Staff, however, is recommending that the city sell several foreclosed homes and vacant lots where buyers might build homes and "reduce neighborhood blight," Campbell said. Those include properties on Catherine Street and Terrace Road in the upscale Wood Street neighborhood, and a bundle of three lots surrounded by vintage homes in the Lake Paloma area.

There are also about a half-dozen former well sites and slivers of land ranging from 3 to 9 feet wide that could be sold to neighboring homeowners or subdivisions.

Keyonna Summers can be reached at [email protected] or (727) 445-4153. To write a letter to the editor, go to

. Fast facts

On the Web

Watch video and view documents from the Dunedin City Commission's surplus property discussion online at

Dunedin officials tour city-owned properties they might want to sell 03/21/12 [Last modified: Wednesday, March 21, 2012 8:02pm]
Photo reprints | Article reprints

© 2017 Tampa Bay Times


Join the discussion: Click to view comments, add yours

  1. Tampa Bay deputies head to UF to assist with Richard Spencer's speech

    Public Safety

    Local deputies are heading up to Alachua County in preparation of white nationalist Richard Spencer's speech in Gainesville on Thursday.

    Local deputies are heading up to Alachua County in preparation of white nationalist Richard Spencer's speech in Gainesville on Oct. 19, 2017. 
As officials brace for Spencer's appearance, law enforcement officials streamed into Alachua County the morning before. [Alex Wroblewski | The New York Times]
  2. Gymnast McKayla Maroney alleges sexual abuse by team doctor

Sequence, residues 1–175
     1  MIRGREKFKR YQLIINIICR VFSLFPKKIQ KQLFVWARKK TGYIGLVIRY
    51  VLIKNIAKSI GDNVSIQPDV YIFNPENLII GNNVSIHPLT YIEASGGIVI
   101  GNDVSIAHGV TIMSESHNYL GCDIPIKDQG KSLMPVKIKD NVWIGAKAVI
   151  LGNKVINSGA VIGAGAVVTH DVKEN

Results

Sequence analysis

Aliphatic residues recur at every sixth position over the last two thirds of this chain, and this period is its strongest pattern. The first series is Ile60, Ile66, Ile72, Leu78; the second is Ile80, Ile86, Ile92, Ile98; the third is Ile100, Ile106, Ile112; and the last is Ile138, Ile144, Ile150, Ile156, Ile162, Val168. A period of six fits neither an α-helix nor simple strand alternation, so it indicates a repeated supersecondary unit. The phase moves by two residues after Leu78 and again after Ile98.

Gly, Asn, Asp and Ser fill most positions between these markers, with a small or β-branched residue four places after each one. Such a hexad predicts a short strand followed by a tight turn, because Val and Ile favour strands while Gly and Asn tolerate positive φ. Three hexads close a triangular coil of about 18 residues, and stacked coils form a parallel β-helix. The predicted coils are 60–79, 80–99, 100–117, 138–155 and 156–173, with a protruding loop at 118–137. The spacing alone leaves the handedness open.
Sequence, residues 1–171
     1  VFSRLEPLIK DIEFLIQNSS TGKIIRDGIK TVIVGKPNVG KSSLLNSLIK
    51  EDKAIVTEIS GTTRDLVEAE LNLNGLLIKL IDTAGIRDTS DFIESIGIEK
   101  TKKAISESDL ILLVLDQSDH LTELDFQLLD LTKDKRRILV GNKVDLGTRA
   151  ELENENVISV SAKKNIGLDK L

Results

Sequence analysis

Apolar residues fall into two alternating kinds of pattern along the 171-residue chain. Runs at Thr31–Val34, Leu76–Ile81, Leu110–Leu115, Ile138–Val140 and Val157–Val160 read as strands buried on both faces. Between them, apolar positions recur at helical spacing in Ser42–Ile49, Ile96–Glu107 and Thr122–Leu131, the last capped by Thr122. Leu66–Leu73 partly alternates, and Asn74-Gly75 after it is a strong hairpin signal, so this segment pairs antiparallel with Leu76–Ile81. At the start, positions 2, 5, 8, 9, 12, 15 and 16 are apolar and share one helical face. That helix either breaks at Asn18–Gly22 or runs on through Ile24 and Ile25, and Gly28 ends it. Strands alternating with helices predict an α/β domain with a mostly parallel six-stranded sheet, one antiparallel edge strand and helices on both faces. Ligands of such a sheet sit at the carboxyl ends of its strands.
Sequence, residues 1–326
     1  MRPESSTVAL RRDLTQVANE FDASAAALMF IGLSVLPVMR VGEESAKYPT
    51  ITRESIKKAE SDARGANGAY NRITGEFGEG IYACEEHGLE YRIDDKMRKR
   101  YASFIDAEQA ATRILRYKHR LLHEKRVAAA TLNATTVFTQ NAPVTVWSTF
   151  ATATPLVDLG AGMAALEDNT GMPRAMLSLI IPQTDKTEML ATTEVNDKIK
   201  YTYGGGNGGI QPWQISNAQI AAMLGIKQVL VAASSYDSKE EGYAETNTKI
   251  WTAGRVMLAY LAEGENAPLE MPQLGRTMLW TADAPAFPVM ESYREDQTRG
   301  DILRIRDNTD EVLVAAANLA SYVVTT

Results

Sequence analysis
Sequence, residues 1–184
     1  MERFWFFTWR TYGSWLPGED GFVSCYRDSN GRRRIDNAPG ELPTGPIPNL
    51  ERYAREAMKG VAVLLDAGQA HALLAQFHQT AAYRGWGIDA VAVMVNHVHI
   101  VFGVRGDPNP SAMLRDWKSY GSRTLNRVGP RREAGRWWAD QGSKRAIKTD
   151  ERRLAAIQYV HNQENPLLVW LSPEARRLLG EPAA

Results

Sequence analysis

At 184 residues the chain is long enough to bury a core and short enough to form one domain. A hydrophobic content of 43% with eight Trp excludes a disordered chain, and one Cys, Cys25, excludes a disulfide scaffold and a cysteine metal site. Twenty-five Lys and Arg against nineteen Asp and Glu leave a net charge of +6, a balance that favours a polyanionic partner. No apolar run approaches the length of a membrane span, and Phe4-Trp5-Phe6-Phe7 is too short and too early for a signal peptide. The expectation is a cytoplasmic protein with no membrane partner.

Two-time Olympic medalist McKayla Maroney says she was molested for years by a former USA Gymnastics team doctor, abuse she said started in her early teens and continued for the rest of her competitive career.

    U.S. gymnast McKayla Maroney poses after completing her routine on the vault during the Artistic Gymnastic women's qualifications at the 2012 Summer Olympics in London. Maroney posted a statement on Twitter Oct. 18, 2017, in which she said she was molested for years by former Team USA doctor Larry Nassar. [Associated Press]
  3. Top 5 at Noon: Facts on Richard Spencer's Florida visit; Column: Jameis, don't be a hero; Locale Market changes again


    Here are the latest headlines and updates on

    White nationalist Richard Spencer (C) and his supporters clash with Virginia State Police in Emancipation Park after the "Unite the Right" rally was declared an unlawful gathering August 12, 2017 in Charlottesville, Virginia. Spencer is set to speak at the University of Florida. [Getty]
  4. Bucs Cannon Fodder podcast: Uncertainty surrounds Jameis Winston's health


    Greg Auman talks about the Bucs' quarterback situation, with uncertainty around Jameis Winston's health, in his latest Cannon Fodder podcast.

    Jameis Winston takes the field for warmups before the Bucs' game against the Cardinals Sunday in Glandale, Ariz. [LOREN ELLIOTT   |   Times]
  5. Pasco mom, caretaker face charges after toddler suffers fractured skull


    PORT RICHEY — A 13-month-old toddler who suffered severe head injuries and brain hemorrhaging is now in the care of a foster family, and both of the child's caretakers face felony charges.

    Wyatt Frank Laughlin faces a felony charge of aggravated child abuse after a 13-month-old child in his care suffered a skull fracture and clots in the brain and eyes. [Courtesy Pasco County Sheriff's Office]